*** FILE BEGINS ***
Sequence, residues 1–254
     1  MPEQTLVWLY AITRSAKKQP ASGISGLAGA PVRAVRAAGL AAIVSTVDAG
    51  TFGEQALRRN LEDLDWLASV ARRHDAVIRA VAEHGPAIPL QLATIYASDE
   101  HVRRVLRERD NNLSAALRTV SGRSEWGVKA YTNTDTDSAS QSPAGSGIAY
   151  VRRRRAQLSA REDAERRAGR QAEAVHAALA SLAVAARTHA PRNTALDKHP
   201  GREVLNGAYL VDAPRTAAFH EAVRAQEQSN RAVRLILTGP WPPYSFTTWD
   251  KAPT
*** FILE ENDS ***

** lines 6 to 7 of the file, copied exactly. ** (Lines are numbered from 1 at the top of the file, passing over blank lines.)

   201  GREVLNGAYL VDAPRTAAFH EAVRAQEQSN RAVRLILTGP WPPYSFTTWD
   251  KAPT